Terrorism brand management: What’s in a name?

isis leader watch

Terror chief al-Baghdadi reportedly sporting a $6,000 watch.

As the world watches ISIS’s attempts to carry out its mission to rid the global community of the Infidel, it just may be helping. Or is it ISIL, or Islamic State, or QSIS? What’s in a name, really? Frankly, a great deal.

ISIS’s identity has appeared to randomly shift. But it is something U.S. Secretary of Defense Chuck Hagel recently referred to as “a bigger threat than 9/11.”

But he was partially wrong. He got the name wrong, that is.

Let’s call the misnomer the beginning of our accidental brand management.

we are all isisISIS — “Islamic State of Iraq and Syria” — implies two states with a clear mission to convert governmental structures into theocracies. That name came from the group itself.

ISIS is called Da ‘ish or Dar al-Ifta by Arabic media.

However, the United Nations refers to the group as ISIL, or the “Islamic State of Iraq and Levant.”

Levant? Levant is, by historical definition, the Eastern Mediterranean and encompasses a broader swath of area, including modern-day Israel, Jordan, Lebanon, and Egypt.

U.N. Secretary-General Ban Ki-moon

U.N. Secretary-General Ban Ki-moon

“The U.N. and the U.S. State Department have now started using the term ISIL to refer to the jihadists because of the group’s broader mission to extend their reach into a wider area,” said Associated Press editor Tom Kent. “Using ‘Iraq and Syria’ gives the incorrect impression that the group’s aspirations are limited to these two present-day countries.”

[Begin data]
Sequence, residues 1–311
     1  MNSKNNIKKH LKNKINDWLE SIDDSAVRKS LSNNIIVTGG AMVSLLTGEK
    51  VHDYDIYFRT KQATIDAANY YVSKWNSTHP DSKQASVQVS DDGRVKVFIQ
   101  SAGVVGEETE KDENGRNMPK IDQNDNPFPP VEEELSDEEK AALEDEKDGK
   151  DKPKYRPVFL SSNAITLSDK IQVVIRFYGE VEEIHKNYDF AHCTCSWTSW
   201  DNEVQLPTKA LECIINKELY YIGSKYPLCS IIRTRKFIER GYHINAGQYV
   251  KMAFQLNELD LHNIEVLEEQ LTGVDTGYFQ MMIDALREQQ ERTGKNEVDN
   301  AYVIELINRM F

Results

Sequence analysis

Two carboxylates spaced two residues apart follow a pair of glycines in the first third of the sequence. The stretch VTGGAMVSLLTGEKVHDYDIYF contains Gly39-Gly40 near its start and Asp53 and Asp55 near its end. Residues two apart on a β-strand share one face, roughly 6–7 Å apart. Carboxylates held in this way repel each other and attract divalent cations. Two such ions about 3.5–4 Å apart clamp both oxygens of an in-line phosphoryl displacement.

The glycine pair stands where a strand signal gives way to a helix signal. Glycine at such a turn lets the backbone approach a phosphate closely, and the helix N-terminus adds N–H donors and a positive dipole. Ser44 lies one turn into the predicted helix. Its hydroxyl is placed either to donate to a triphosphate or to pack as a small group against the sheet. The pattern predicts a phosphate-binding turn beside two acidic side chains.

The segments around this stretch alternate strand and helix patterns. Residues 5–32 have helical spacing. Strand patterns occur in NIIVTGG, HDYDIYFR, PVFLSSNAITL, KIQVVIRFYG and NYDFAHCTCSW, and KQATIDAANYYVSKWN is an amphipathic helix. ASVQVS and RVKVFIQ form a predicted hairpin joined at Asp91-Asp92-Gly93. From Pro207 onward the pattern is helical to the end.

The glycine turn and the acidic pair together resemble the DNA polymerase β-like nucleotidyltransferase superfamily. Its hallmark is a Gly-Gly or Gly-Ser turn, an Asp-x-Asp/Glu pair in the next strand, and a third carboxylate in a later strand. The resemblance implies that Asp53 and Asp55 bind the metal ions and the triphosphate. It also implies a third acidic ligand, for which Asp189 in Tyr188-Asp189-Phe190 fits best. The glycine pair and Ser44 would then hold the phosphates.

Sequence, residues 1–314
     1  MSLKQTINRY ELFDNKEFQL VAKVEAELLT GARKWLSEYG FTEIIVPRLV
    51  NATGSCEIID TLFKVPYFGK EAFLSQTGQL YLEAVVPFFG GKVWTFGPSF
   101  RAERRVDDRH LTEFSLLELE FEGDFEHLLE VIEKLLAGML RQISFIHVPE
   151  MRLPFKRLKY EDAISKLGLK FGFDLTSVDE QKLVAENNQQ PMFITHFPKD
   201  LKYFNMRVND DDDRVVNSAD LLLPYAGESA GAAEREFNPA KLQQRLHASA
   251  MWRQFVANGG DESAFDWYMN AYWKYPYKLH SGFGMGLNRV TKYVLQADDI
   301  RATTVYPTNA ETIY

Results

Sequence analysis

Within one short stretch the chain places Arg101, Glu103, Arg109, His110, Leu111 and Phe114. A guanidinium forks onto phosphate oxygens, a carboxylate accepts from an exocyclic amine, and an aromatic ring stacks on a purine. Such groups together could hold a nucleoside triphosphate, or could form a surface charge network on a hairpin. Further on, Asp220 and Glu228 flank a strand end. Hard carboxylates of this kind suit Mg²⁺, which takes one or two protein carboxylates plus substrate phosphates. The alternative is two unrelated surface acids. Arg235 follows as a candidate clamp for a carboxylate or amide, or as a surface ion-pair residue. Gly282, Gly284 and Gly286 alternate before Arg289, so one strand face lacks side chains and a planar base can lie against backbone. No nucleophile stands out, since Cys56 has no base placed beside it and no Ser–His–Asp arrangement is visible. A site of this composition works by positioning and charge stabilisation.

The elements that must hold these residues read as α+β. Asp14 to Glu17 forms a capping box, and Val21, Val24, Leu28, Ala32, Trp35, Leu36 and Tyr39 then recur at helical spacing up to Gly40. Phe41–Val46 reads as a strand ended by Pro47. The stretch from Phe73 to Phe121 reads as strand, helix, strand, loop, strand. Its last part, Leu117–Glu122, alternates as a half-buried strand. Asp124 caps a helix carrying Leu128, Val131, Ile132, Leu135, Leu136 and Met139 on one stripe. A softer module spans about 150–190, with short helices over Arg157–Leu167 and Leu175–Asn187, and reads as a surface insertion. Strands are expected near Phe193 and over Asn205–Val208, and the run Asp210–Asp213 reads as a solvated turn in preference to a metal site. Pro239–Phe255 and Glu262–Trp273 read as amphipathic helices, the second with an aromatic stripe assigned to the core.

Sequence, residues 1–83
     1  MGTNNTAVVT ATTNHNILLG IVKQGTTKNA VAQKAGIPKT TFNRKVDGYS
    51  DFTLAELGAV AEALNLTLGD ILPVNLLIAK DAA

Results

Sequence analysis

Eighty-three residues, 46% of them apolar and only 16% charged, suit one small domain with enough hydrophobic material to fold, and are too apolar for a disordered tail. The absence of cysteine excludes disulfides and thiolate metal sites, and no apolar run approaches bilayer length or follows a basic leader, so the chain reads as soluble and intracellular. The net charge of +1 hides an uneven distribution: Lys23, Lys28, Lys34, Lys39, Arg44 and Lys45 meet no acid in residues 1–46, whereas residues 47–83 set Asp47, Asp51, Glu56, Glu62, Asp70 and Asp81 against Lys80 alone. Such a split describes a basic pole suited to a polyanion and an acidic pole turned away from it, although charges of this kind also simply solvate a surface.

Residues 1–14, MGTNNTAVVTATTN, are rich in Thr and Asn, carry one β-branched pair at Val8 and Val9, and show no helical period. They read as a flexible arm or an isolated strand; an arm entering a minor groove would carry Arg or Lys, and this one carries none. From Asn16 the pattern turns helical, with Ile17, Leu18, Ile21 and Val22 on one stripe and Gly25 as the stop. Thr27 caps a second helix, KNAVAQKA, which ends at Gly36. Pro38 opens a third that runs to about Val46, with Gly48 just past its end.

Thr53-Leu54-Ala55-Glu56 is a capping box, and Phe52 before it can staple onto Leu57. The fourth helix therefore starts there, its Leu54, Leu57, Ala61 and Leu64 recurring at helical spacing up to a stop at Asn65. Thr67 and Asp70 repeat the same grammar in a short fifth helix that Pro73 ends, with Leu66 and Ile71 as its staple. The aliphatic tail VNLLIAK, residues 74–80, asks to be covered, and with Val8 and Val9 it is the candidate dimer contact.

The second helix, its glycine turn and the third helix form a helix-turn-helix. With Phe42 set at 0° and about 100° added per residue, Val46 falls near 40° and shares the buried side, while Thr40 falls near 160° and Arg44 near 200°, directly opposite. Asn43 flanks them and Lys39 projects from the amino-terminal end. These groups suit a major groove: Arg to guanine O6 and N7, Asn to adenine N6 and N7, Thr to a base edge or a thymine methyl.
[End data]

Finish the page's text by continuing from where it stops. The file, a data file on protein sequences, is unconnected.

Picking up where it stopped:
As of Aug. 27, a new brand has emerged. QSIS: “al-Qaeda Separatists in Iraq and Syria.” And that name comes from the group in Egypt, as well. What happened to Levant? Leaders in some Middle Eastern states are urging media to adopt the new name in an attempt to prevent Islam from being broadly associated with extremism.

Ibrahim Negm , advisor to Egypt’s chief religious leader, Grand Mufti Shawqi Allam said the extremists have an incorrect understanding of Jihad.

“The initiative by Dar al-Ifta came to express the institution’s rejection of many stereotypes that attach the name of Islam to bloody and violent acts committed by such groups,” he said to Al Arabiya News